(b) the export was prohibited by a law of that country relating to cultural property,

the person is guilty of an offence punishable, on conviction, by—

(a) if the person is a natural person—a fine not exceeding $100,000 or imprisonment for a period not exceeding 5 years, or both; or

(b) if the person is a body corporate—a fine not exceeding $200,000.

PART III—ADMINISTRATION

National Cultural Heritage Committee

15. There shall be a committee, to be known as the National Cultural Heritage Committee.

Functions of Committee

16. The functions of the Committee are—

(a) to furnish advice to the Minister, either of its own motion or on request made to it by the Minister—

(i) in relation to the operation of this Act;

(ii) in relation to objects that should be included in, or removed from, the Control List;

(iii) in relation to the classification and re-classification of objects so included; and

(iv) in relation to the operation of the Fund;

(b) to furnish advice to the Minister pursuant to sub-section 10 (4);

(c) to establish and maintain the register referred to in section 22; and

(d) to consult and co-operate with appropriate authorities of the Commonwealth, of the States and of the Territories, and with other organisations, associations and persons, on matters related to its functions.

Constitution of Committee

17. (1) The Committee shall consist of—

(a) 4 persons, each of whom represents a different collecting institution;

(b) a member of The Australian Vice-Chancellors’ Committee;

(c) a nominee of the Minister for Aboriginal Affairs; and

(d) 4 persons having experience relevant to the cultural heritage of Australia.

(2) A member of the Committee—

(a) shall be appointed by the Minister;

(b) holds office on a part-time basis;

(c) holds office for such period, not exceeding 4 years, as is specified in the instrument of appointment; and

(d) is eligible for re-appointment.

(3) The Minister shall designate, in writing, one of the members to be the Chairperson.

(4) The Chairperson may be referred to as the Chairman or the Chairwoman.

(5) The exercise of a power or the performance of a function by the Committee is not invalidated by reason only that—

(a) there is a vacancy for a period of not more than 3 months in an office of a member referred to in paragraph (1) (b) or (c); or

(b) the number of members referred to in paragraph (1) (a) or (d) falls below 4 for a period of not more than 3 months.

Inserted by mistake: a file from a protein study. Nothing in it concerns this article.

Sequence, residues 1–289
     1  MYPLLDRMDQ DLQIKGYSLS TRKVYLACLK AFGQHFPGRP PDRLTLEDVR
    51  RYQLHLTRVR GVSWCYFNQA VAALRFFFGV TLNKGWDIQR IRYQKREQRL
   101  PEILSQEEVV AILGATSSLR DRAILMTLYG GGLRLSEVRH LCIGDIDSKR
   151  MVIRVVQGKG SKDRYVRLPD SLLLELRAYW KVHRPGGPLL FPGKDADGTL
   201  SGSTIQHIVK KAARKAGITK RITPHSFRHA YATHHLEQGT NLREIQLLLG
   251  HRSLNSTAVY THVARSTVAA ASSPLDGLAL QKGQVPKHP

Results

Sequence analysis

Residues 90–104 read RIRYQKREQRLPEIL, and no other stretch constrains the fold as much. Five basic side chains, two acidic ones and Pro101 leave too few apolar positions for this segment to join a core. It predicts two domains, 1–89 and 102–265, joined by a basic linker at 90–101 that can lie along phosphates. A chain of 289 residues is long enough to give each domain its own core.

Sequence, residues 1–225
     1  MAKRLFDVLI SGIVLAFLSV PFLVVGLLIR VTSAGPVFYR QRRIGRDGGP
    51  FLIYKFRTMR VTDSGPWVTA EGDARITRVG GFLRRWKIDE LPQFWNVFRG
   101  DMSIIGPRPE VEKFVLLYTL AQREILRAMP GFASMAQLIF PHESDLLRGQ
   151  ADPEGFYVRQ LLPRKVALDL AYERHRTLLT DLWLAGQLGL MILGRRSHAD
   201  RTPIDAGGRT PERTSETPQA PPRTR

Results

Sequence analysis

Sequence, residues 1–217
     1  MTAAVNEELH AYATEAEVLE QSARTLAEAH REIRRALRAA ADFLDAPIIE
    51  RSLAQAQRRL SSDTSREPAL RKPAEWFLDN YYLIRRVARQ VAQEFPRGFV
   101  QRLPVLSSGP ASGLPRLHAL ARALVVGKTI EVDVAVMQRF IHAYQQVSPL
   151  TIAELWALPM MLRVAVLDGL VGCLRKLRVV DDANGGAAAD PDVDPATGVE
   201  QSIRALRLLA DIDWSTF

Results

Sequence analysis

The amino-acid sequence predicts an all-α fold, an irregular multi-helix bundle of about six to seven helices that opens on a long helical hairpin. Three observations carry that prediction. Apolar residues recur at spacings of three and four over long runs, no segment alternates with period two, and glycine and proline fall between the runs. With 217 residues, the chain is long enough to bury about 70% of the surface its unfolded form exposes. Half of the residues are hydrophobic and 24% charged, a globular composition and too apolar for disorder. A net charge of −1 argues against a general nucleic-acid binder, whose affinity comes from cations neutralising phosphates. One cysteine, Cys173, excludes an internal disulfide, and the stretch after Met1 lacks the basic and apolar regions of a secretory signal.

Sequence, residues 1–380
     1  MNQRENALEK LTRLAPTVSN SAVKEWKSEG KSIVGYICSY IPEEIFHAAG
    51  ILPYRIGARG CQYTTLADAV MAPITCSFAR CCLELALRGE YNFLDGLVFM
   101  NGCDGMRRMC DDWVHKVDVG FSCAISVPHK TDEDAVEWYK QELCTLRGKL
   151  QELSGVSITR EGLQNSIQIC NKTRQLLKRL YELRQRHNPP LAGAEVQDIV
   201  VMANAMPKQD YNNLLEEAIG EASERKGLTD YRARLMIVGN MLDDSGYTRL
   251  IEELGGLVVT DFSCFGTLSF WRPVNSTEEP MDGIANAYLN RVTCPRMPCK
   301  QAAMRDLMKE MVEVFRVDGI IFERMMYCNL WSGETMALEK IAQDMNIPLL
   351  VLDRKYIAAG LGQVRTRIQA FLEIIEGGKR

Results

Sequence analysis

(6) For the purposes of this section, a person shall be taken to represent a collecting institution if the person holds a senior position in connection with the collecting functions of that institution.

(7) In this section, “collecting institution” means—

(a) a public art gallery;

(b) a public museum;

(c) a public library; or

(d) public archives.

Removal and resignation

18. (1) The Minister may terminate the appointment of a member for misbehaviour or physical or mental incapacity.

(2) The Minister may terminate the appointment of a member referred to in paragraph 17 (1) (c) on the request of the Minister for Aboriginal Affairs.

(3) If a member fails, without reasonable excuse, to comply with section 20, the Minister shall terminate the appointment of the member.

(4) A member may resign the office of member by writing signed by the member and delivered to the Minister.

Remuneration and allowances

19. (1) A member shall be paid such remuneration as is determined by the Remuneration Tribunal.

(2) A member shall be paid such allowances as are prescribed.

(3) Sub-sections (1) and (2) have effect subject to the Remuneration Tribunals Act 1973.


 

Disclosure of interests

29. (1) A member who has a direct or indirect pecuniary interest in a matter being considered or about to be considered by the Committee shall, as soon as possible after the relevant facts have come to the knowledge of the member, disclose the nature of the interest at a meeting of the Committee.

(2) A disclosure under sub-section (1) shall be recorded in the minutes of the meeting of the Committee and the member shall not, unless the Minister or the Committee otherwise determines—